Periodontal Anatomy – Gingival fibers

The periodontium includes the specialized tissues which serve to support and surround the teeth. These tissues serve an important purpose of maintaining the teeth within the mandibular and maxillary bones. The word periodontium comes from the Greek terms peri, which means "around" and odont, which means "tooth". From a literal sense, this translates to that which is "around the tooth". Periodontics is the dental specialty which focuses on the care and maintenance of these tissues. The periodontium provides the teeth with the necessary support required to maintain regular function. The four components of the periodontium include the gingiva, periodontal ligament, cementum and the alveolar bone proper.

The gingival fibers are the connective tissue fibers which exist within the gingival tissue that is directly adjacent to the teeth. These fibers aid in securely holding the tissue close to the teeth. They are mainly composed of type I collagen. However, they also contain type III fibers.

Contrary to the fibers of the periodontal ligament, these fibers generally attach the tooth to the gingival tissue, rather than connecting the tooth to the alveolar bone.

Gingival Fibers - Function

The main functions of the gingival fibers include the tasks outlined below:

  • Hold the marginal gingiva securely against the tooth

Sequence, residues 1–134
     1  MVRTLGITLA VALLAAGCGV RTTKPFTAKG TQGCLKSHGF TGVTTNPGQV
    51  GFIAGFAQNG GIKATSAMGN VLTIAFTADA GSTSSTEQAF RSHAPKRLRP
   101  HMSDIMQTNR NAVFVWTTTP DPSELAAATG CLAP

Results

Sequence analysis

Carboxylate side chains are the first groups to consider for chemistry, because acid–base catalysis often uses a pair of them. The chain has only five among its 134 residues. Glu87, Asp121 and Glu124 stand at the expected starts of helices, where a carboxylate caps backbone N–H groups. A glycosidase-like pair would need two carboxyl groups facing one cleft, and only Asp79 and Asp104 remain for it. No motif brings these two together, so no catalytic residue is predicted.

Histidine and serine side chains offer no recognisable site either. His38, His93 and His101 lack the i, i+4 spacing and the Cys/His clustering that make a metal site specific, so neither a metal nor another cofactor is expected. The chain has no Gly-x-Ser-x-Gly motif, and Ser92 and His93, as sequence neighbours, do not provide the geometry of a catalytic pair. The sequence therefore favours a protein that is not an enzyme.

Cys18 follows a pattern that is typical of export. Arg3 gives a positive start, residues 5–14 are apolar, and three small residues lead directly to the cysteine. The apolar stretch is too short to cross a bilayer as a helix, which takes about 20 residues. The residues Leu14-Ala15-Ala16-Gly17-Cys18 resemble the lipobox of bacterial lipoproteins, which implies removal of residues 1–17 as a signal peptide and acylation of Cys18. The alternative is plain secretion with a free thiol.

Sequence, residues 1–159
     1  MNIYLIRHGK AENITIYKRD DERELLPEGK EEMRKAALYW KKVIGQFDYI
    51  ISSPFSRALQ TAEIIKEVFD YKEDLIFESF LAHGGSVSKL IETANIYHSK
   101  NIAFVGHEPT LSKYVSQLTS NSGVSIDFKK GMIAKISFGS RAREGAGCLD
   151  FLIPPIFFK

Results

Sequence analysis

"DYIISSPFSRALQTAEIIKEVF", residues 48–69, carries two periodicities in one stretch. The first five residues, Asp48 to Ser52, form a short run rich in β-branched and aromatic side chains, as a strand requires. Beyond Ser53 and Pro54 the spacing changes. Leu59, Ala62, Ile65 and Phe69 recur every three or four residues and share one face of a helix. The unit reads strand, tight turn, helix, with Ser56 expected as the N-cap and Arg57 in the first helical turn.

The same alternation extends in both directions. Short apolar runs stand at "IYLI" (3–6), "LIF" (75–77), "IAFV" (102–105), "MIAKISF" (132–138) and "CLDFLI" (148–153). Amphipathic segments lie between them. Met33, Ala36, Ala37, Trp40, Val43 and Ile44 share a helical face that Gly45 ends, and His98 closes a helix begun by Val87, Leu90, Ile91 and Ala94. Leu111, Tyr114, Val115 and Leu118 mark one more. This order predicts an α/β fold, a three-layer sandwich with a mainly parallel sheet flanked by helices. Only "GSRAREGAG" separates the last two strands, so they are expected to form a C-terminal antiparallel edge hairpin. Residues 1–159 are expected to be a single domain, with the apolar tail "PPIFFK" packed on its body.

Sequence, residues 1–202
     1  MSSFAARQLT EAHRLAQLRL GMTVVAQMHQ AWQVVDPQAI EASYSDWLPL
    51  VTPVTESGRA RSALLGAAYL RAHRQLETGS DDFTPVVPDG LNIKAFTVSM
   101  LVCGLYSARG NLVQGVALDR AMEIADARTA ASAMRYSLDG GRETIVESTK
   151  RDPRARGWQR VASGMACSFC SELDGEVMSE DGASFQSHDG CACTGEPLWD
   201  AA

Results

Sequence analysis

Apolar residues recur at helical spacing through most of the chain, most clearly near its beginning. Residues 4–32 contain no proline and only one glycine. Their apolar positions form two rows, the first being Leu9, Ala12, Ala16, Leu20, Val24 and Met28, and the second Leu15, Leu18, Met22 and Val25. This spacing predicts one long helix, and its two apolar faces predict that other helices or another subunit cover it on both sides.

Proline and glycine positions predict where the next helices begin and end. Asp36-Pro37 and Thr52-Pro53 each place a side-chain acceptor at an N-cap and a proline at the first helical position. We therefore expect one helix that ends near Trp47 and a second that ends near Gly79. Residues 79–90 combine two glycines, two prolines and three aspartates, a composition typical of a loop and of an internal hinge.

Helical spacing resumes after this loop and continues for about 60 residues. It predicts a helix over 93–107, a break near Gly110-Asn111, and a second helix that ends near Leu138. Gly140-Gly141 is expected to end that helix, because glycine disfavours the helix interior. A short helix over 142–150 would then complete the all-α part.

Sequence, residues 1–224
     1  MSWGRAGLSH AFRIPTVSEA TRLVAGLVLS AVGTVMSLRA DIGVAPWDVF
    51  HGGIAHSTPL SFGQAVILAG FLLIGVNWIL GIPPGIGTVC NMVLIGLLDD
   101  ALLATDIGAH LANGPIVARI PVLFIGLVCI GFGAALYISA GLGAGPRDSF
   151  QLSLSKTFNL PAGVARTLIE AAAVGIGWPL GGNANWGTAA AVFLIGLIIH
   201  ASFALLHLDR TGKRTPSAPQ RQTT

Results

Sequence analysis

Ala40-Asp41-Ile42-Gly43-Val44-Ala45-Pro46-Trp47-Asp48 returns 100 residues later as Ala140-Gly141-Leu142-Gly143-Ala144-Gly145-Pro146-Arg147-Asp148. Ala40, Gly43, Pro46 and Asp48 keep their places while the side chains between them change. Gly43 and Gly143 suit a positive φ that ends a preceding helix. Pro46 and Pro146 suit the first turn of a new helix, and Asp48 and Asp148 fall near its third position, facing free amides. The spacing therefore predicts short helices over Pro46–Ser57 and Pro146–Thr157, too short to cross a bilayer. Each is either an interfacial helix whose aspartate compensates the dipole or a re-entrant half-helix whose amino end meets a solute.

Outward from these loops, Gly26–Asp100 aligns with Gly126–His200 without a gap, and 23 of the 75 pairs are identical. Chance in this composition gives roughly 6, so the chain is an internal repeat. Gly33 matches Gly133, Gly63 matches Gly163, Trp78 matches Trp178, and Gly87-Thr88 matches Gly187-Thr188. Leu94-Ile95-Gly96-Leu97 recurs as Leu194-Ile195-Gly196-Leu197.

• Provide the marginal gingiva with adequate rigidity. This gives it the ability to withstand the forces of mastication without experiencing distortion
  • Aid in stabilizing the marginal gingiva by uniting it with the tissue of the more rigid attached gingiva and the tooth’s cementum layer

Gingival Fibers and Periodontitis

Theoretically speaking, gingival fibers work to protect against periodontitis. Once the fibers are compromised, it is not possible for them to be regenerated. In the event they are destroyed, the gingival sulcus will increase in its depth apically. This allows more debris and bacteria to remain in close contact with the delicate sulcular and junctional epithelia for extended periods of time.

Gingival Fibers Types

There are three different groups which are used to arrange and classify the gingival fibers. This includes the following:

Circular group: this group of fibers are unique as they exclusively exist within the gingiva and do not have contact with the tooth

Dentogingival group: there are three subcategories of fibers which are included within the dentogingival group which are outlined below.

    • Fibers which extend towards the crest of the gingiva
    • Fibers which laterally extend towards the outer surface of the gingiva
    • Fibers which extend outward, beyond the height of the alveolar crest. They then extend downward along the cortex of the alveolar bone

Transseptal group: fibers which are traditionally described as spanning the interproximal tissue located between adjacent teeth, where they are embedded. Two additional types of fibers are also included within this group which include:

      • Semicircular fibers: fibers which go through the facial and lingual gingiva surrounding each tooth. They attach to the interproximal surfaces of the same tooth
      • Transgingival fibers: fibers which run between two non-adjacent teeth. They are embedded into the cementum of their proximal surfaces. The fibers pass around the tooth in the middle of the two teeth which are attached by these fibers